-val output = input.groupBy(1).aggregate(SUM, 0).and(MIN, 2)
-~~~
-
-</div>
-<div data-lang="python" markdown="1">
-
-~~~python
-Not supported.
-~~~
-
-</div>
-</div>
-
-To apply multiple aggregations on a DataSet it is necessary to use the `.and()` function after the first aggregate, that means `.aggregate(SUM, 0).and(MIN, 2)` produces the sum of field 0 and the minimum of field 2 of the original DataSet.
-In contrast to that `.aggregate(SUM, 0).aggregate(MIN, 2)` will apply an aggregation on an aggregation. In the given example it would produce the minimum of field 2 after calculating the sum of field 0 grouped by field 1.
-
-**Note:** The set of aggregation functions will be extended in the future.
-
-### Reduce on full DataSet
-
-The Reduce transformation applies a user-defined reduce function to all elements of a DataSet.
-The reduce function subsequently combines pairs of elements into one element until only a single element remains.
-
-The following code shows how to sum all elements of an Integer DataSet:
-
-<div class="codetabs" markdown="1">
-<div data-lang="java" markdown="1">
-
-~~~java
-// ReduceFunction that sums Integers
-public class IntSummer implements ReduceFunction<Integer> {
-  @Override
-  public Integer reduce(Integer num1, Integer num2) {
-    return num1 + num2;
-  }
-}
-
-// [...]
-DataSet<Integer> intNumbers = // [...]
-DataSet<Integer> sum = intNumbers.reduce(new IntSummer());
-~~~
-
-</div>
-<div data-lang="scala" markdown="1">
-
-~~~scala
-val intNumbers = env.fromElements(1,2,3)
-val sum = intNumbers.reduce (_ + _)
-~~~
-
-</div>
-<div data-lang="python" markdown="1">
-
-~~~python
- intNumbers = env.from_elements(1,2,3)
- sum = intNumbers.reduce(lambda x,y: x + y)
-~~~
-
-</div>
-</div>
-
-Reducing a full DataSet using the Reduce transformation implies that the final Reduce operation cannot be done in parallel. However, a reduce function is automatically combinable such that a Reduce transformation does not limit scalability for most use cases.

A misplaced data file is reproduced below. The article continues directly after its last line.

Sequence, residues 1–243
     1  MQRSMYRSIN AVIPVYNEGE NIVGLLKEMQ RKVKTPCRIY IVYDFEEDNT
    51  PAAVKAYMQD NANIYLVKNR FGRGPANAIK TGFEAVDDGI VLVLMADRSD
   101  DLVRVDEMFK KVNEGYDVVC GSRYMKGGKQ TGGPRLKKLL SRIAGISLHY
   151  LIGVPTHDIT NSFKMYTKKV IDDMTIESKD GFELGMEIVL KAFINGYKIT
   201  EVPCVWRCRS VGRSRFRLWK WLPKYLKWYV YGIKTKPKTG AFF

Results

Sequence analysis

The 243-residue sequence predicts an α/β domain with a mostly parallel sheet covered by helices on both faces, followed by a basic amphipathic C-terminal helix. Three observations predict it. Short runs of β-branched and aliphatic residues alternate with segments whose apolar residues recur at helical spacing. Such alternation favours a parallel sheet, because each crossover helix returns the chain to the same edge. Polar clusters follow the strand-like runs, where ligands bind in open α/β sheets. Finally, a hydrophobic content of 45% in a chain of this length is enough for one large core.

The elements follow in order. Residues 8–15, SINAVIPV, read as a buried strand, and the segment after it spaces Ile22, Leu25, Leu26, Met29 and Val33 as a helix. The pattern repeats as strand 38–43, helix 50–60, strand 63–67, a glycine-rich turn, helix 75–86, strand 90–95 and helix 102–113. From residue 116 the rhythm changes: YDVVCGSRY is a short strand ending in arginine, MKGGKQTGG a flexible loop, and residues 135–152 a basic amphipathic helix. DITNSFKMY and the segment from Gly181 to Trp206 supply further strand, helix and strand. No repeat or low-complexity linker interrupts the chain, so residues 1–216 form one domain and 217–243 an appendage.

-
-### GroupReduce on full DataSet
-
-The GroupReduce transformation applies a user-defined group-reduce function on all elements of a DataSet.
-A group-reduce can iterate over all elements of DataSet and return an arbitrary number of result elements.
-
-The following example shows how to apply a GroupReduce transformation on a full DataSet:
-
-<div class="codetabs" markdown="1">
-<div data-lang="java" markdown="1">
-
-~~~java
-DataSet<Integer> input = // [...]
-// apply a (preferably combinable) GroupReduceFunction to a DataSet
-DataSet<Double> output = input.reduceGroup(new MyGroupReducer());
-~~~
-
-</div>
-<div data-lang="scala" markdown="1">
-
-~~~scala
-val input: DataSet[Int] = // [...]
-val output = input.reduceGroup(new MyGroupReducer())
-~~~
-
-</div>
-<div data-lang="python" markdown="1">
-
-~~~python
- output = data.reduce_group(MyGroupReducer(), ... )
-~~~
-
-</div>
-</div>
-
-**Note:** A GroupReduce transformation on a full DataSet cannot be done in parallel if the
-group-reduce function is not combinable. Therefore, this can be a very compute intensive operation.
-See the paragraph on "Combineable Group-Reduce Functions" above to learn how to implement a
-combinable group-reduce function.
-
-### GroupCombine on a full DataSet
-
-The GroupCombine on a full DataSet works similar to the GroupCombine on a
-grouped DataSet. The data is partitioned on all nodes and then combined in a
-greedy fashion (i.e. only data fitting into memory is combined at once).
-
-### Aggregate on full Tuple DataSet
-
-There are some common aggregation operations that are frequently used. The Aggregate transformation
-provides the following build-in aggregation functions:
-
-- Sum,
-- Min, and
-- Max.
-
-The Aggregate transformation can only be applied on a Tuple DataSet.
-
-The following code shows how to apply an Aggregation transformation on a full DataSet:
-
-<div class="codetabs" markdown="1">
-<div data-lang="java" markdown="1">
-